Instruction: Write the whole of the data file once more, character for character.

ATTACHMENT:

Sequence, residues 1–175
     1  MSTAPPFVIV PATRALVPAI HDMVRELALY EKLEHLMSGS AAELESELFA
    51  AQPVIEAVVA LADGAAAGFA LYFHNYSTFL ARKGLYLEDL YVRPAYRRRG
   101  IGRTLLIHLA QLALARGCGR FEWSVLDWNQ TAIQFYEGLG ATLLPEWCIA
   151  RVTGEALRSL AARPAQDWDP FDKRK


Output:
Sequence, residues 1–175
     1  MSTAPPFVIV PATRALVPAI HDMVRELALY EKLEHLMSGS AAELESELFA
    51  AQPVIEAVVA LADGAAAGFA LYFHNYSTFL ARKGLYLEDL YVRPAYRRRG
   101  IGRTLLIHLA QLALARGCGR FEWSVLDWNQ TAIQFYEGLG ATLLPEWCIA
   151  RVTGEALRSL AARPAQDWDP FDKRK